Moisture equilibrium studies were also done on a set of 150 (4 5 in.) sheet films on .008 in. cellulose acetate butyrate base that were conditioned to 21C and 20% RH, enclosed in individual paper envelopes and then stored in a cardboard box. This box was then placed in a 21C and 50% RH environment. Moisture conditioning was followed using an RH sensor that was inserted within the film pack. The inner sheets required 7 days for 90% moisture equilibration (fig. 9). This experiment was repeated using a metal box instead of the cardboard (fig. 10). While the metal box provided more moisture protection than the cardboard, it was still quite inadequate. The 90% equilibration time increased from 7 to 30 days, a difference not significant for extended times of storage.

Fig. 9. Rate of moisture conditioning for stack of 150 sheet films in cardboard box. Film initially at 21C and 20% RH and exposed to 50% RH. Measurements made on inner sheet

Fig. 10. Rate of moisture conditioning for stack of 150 sheet films in cardboard and metal boxes. Film initially at 21C and 20% RH and exposed to 21C and 50% RH. Measurements made on inner sheets

The effect of temperature on moisture conditioning was determined by placing the film at 21C and 20% RH in a frost-free freezer at −16C and 50% RH. Figure 9 shows that 90% moisture equilibration required 5 months at −16C, contrasted to 1 week at 21C, approximately a twentyfold difference. This finding is the same order of magnitude as obtained for the 35 mm motion picture roll film.

The low-temperature moisture conditioning results are replotted in figure 11, expressing the moisture content as the equilibrium RH of the film measured by the RH sensor imbedded within the film stack. The initial drop in RH from 20 to 10% RH is due to the initial temperature decrease, which is very rapid. This effect is best illustrated in figure 12 by the difference in moisture equilibrium curves at 20C and −16C. (Although the data shown in figure 12 were obtained on motion picture film on triacetate base rather than acetate butyrate base sheet film, i.e., the behavior is very similar.) The film is initially at point A, and as it is cooled it goes to point B, which is at a lower equilibrium relative humidity. Subsequent moisture conditioning at −16C and 50% RH moves the film to point C. An essential feature of this plot is that film initially at point A has 1.4% water, and after final moisture conditioning at point C it has 3.5% water. This shift represents a significant increase.

Fig. 11. Rate of moisture conditioning for stack of 150 sheet films in cardboard box. Film initially at 21C and 20% RH and exposed to approximately −16C and 50% RH. Measurements made on inner sheets

Fig. 12. Moisture equilibrium curve of 35 mm color motion picture film on cellulose triacetate base

If film is just cooled without any change in equilibrium relative humidity it will also hold more water. Consider film at 20C and 50% RH (point D). If it is cooled to −16C at the same relative humidity, its water content will increase from 2.9 to 3.5%.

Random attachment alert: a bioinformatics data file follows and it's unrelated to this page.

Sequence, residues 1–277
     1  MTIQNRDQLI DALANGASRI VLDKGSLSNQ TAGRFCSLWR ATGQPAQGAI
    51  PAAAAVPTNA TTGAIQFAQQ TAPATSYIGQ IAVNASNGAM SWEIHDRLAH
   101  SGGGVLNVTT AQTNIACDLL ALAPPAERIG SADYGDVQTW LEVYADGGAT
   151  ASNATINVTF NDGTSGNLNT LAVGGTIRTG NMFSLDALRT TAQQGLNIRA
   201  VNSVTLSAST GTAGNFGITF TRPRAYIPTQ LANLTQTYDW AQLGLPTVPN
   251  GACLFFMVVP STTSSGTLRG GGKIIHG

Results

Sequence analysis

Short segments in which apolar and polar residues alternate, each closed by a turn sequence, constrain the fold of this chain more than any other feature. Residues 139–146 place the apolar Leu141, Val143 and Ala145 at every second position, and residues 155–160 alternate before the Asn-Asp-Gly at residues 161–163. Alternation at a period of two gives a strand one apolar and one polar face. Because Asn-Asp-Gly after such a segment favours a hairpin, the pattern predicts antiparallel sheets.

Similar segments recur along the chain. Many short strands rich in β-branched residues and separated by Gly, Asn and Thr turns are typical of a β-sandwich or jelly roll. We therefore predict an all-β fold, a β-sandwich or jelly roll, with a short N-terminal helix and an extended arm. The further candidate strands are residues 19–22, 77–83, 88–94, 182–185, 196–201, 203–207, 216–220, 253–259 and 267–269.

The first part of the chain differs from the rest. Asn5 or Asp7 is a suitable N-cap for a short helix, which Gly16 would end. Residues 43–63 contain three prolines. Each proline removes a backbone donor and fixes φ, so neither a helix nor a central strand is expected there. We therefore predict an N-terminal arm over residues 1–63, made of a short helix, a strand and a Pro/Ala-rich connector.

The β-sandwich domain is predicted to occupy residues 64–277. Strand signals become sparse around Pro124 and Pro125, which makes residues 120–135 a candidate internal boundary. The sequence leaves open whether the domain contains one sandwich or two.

The key conclusion from this phase of the study is that the rate of moisture equilibration at subzero temperature is slow but still appreciable. Moreover, film holds more water at these low temperatures when in equilibrium with the same relative humidity.


The data reported in figures 7, 9, 10 and 11 were obtained on film that was completely exposed to the environment or had the very little moisture protection provided by a cardboard box. A very practical question is whether moisture conditioning can be minimized using more effective enclosures.

The effectiveness of enclosures was determined by measuring the weight increase of fresh molecular sieves inside enclosures that were placed in a 21C and 95% RH environment. Molecular sieves are zeolites composed of metal aluminosilicates, marketed by the Eastman Kodak Co. to act as both a desiccant and a scavenger for acetic acid (Ram et al. 1994). They are sold in Tyvek (spun-bonded polyethylene) envelopes that facilitate handling. In this study their desiccant properties were of interest and are used only as an indicator of the moisture barrier of enclosures.

The molecular sieve envelopes were initially weighed, placed in various enclosures, and reweighed after 2 months at 21C and 95% RH. Figure 13 illustrates that heat-sealable aluminum foil bags and taped metal film cans provide a reasonable moisture barrier. However, the common low-density 3 mil. polyethylene freezer bags and untaped 35 mm metal film cans do not offer sufficient protection for film storage. These experiments are still in progress in order to obtain the times required for complete moisture conditioning.

Fig. 13. Moisture increase of molecular sieves in various enclosures after 2 months at 21C and 95% RH

When this study was repeated at −16C (fig. 14), the moisture gain was obviously much less. However, even at these low temperatures, untaped cans or boxes allow appreciable moisture take-up after only 4 months. They would not be recommended for extended long-term storage in an uncontrolled environment but are satisfactory if the humidity is controlled. This point is discussed further in section 3.2.

Copyright 1997 American Institute for Conservation of Historic and Artistic Works